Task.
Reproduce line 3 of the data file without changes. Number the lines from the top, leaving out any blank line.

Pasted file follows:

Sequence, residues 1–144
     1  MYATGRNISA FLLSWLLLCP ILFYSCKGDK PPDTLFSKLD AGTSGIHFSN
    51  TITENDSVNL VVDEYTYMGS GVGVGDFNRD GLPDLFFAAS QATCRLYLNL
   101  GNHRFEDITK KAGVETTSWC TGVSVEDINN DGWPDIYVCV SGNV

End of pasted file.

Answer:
    51  TITENDSVNL VVDEYTYMGS GVGVGDFNRD GLPDLFFAAS QATCRLYLNL